“What customers really want is choice, those that innovate to deliver genuine choice will not just survive but will prosper.”
Stephen Allen has posted an interesting and colourful post called “Too much turnip can be a turn off!”
There is a forgotten part of innovation that I don’t think sits well with the current lawyer culture. I think it partly explains why lawyers aren’t that innovative.
Innovation is not a turn key, a mouse click, a download or push button.
Innovation is many, many things but for me, (and after all this is my site), it is vision.
Innovation is about exploring, testing and trying. A lot of the time you get it wrong but you learn from that.
Do you think we built our technology with no mistakes, no miscalculations? Not at all. But we did, (and still do), adapt, adjust and re calibrate very quickly because if we don’t then we too become toast.
Innovation requires patience, vision, a capacity to listen, a clarity of understanding, a conviction in what you do combined with a crystal clear vision of where you think things are going.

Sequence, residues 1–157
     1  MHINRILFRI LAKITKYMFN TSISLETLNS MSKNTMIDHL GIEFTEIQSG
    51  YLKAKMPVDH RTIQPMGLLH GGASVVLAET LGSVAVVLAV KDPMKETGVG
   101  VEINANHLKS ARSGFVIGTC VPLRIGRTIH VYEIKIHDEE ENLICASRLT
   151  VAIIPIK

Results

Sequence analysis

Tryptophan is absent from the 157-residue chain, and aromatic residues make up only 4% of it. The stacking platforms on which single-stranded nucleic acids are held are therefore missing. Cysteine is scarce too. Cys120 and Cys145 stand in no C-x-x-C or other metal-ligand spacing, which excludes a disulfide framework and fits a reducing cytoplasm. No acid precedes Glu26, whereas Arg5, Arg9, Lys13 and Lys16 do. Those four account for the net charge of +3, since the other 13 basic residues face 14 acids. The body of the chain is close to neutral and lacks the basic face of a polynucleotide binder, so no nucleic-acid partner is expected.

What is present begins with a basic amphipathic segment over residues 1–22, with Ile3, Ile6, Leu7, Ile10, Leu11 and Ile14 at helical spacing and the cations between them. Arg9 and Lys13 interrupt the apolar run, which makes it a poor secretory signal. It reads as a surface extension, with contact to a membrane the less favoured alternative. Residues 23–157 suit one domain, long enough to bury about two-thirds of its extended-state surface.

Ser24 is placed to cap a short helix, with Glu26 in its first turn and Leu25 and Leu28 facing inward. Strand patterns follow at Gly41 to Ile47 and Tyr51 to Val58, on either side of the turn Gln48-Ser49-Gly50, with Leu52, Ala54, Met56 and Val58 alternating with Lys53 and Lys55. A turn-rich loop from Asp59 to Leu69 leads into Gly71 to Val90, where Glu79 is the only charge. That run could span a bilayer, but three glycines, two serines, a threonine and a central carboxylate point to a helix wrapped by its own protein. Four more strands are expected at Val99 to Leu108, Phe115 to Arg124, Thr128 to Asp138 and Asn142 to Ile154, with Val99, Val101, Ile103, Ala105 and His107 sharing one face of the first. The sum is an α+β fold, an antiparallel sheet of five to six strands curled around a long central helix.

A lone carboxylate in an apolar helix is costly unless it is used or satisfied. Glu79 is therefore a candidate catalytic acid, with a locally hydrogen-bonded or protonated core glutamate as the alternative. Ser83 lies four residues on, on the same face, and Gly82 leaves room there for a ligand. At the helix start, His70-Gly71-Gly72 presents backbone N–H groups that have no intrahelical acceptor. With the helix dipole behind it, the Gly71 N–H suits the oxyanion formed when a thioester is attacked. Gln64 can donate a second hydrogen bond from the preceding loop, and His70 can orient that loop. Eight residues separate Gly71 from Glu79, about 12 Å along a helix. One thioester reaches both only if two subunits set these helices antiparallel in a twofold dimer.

Woah…timing and innovation, there are whole books just written on that three word combo alone and what they mean. Whole multinationals have been wiped out by getting timing and innovation wrong. Things that have taken years to build can go stratospheric or be vaporised in a matter of months.
So yes…this is serious shit guys.
That vision may be tiny. As an innovator it is, sometimes, the only thing you can hold onto.
That conviction must be strong to keep you going when no one is (really) listening or (really) understands what you are saying.
So what do you do? It’s the same for all of us; you, me, lawyer, law firm, technology company the whole goddamn lot of us.
You have to go back to the drawing board and learn why they aren’t (really) listening or don’t (really) understand what you are saying because that bloody vision thing is like a hunger, a thirst, a passion.
This is the culture of the innovator not the culture of a law firm.
I said partly responsibility for lack of innovation.
What people forget when talking about change and innovation is that to change you have to see a clear value for doing it.
I don’t think lawyers have seen that value yet.
That does not mean that they never will.
Or as Andrew Grech alluded to recently, now is but “a moment in time.”